BREAKING New serious incident at SFO as Aeromexico #AM668 lined up on wrong runway while Virgin America #VX1041 was ready for takeoff

FAA investigators launched an investigation after an Aeromexico aircraft was ordered to abort a landing when it lined up on the wrong runway which was occupied by another commercial jet.

Aeromexico flight #AM668 from Mexico City Tuesday 09 January 2018 at around 19:45 UTC, was cleared to land on Runway 28R, and correctly read back that clearance to air traffic controllers, said Ian Gregor, Federal Aviation Administration spokesman, according to The Mercury News.

About a mile from the airport, controllers noticed the aircraft was lined up for Runway 28L instead, which was occupied by a Virgin America Airbus A320 jet awaiting departure for Kailua-Kona, Hawaii.

The tower ordered the Aeromexico Boeing 737-800 (reg. XA-AMU) to abort the landing after the five-hour flight: “Aeromexico 668 go around!” an air traffic controller can be heard on audio recordings. Quickly, the pilot acknowledges the request to abort the landing: “Aeromexico 668 going around.”

Audio recording of ATC asking for go-around (courtesy LiveATC.net)

 

At the time of incident, SFO airport was using both runway 28L and 28R for landings but Aeromexico #AM668 was cleared for 28R.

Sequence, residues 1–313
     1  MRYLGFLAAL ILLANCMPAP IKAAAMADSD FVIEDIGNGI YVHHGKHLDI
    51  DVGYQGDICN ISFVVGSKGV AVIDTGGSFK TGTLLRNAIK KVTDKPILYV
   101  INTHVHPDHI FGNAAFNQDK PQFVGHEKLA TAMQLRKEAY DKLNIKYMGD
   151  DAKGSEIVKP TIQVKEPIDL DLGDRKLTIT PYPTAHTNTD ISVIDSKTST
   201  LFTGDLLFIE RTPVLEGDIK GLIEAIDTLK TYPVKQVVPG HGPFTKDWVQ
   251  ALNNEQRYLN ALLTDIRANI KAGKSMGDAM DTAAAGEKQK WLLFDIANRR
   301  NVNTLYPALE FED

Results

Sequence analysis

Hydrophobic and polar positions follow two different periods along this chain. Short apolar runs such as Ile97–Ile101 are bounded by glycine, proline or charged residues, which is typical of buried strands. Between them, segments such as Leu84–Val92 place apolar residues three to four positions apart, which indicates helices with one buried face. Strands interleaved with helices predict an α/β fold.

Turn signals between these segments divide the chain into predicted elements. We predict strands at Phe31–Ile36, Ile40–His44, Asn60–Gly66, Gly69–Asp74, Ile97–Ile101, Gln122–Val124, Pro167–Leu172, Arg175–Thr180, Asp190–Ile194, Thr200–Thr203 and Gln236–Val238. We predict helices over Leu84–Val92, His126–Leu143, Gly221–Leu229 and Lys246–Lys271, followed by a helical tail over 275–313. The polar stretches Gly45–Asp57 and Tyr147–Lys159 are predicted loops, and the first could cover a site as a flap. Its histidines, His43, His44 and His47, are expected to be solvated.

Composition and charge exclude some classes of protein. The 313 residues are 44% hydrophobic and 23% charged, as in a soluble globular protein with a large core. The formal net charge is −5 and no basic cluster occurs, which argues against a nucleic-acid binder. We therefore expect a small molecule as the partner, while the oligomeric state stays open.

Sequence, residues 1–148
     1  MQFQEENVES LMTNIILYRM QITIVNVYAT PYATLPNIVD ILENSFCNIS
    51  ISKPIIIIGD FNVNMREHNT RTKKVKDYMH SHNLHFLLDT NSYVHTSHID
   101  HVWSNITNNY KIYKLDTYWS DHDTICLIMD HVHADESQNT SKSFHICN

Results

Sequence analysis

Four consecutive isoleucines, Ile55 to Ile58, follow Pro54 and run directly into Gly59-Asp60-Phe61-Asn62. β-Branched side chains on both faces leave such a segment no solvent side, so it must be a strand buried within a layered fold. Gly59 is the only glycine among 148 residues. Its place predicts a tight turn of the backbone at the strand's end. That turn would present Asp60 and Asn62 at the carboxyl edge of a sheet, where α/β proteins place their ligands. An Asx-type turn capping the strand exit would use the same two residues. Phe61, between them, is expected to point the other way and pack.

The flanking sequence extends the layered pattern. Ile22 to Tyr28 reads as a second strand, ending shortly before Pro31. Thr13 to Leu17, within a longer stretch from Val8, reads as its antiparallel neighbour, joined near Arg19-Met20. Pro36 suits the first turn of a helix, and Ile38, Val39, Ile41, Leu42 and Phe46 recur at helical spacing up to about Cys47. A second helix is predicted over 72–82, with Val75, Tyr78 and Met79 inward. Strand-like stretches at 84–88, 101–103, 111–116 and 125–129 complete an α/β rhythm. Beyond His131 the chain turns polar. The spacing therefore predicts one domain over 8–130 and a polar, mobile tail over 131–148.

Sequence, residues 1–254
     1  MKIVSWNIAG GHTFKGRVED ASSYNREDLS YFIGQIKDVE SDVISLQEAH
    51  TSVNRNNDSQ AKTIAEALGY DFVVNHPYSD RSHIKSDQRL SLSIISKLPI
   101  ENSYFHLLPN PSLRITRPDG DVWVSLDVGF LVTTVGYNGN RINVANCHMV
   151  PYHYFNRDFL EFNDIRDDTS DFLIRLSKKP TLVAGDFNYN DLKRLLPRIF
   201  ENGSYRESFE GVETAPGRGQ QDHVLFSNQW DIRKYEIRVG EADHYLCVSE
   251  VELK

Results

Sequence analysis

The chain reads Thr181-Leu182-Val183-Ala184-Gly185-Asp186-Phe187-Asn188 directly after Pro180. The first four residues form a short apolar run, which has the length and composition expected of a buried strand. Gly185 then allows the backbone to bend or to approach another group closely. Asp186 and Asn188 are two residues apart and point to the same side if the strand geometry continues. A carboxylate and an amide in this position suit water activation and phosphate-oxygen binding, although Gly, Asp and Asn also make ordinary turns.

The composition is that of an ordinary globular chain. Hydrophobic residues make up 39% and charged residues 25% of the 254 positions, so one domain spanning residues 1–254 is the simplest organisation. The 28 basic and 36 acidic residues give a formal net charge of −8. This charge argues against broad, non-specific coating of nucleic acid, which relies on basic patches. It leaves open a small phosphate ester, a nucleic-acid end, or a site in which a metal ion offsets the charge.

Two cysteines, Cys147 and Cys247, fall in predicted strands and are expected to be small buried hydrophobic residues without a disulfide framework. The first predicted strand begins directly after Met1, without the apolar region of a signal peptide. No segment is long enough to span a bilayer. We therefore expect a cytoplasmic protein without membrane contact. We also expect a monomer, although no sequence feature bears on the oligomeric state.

Virgin America flight #VX1041 Airbus A320 (reg. N283VA) took off at 19:48 UTC from runway 28L to Kailua-Kona, Hawaii.

The Aeromexico jet was approaching SFO using its instrument landing system. Weather conditions at SFO at the time were overcast with visibility at about 10 miles.

Flight #AM668 safely landed 16 minutes later at 20:01 UTC on runway 28L (with clearance to 28L).

Aeromexico Boeing 737-800 (reg. XA-AMU)

In July, an Air Canada flight mistook a crowded SFO taxiway for a runway, barely missing four fully loaded planes awaiting takeoff on the ground.

In October, another Air Canada flight crew landed on an SFO runway despite repeated warnings by an air traffic controller to abort.

The National Transportation Safety Board and FAA are investigating those incidents, respectively.

After the July incident, the FAA changed certain rules at SFO, such as how pilots approach landings and how the air traffic control tower is staffed.

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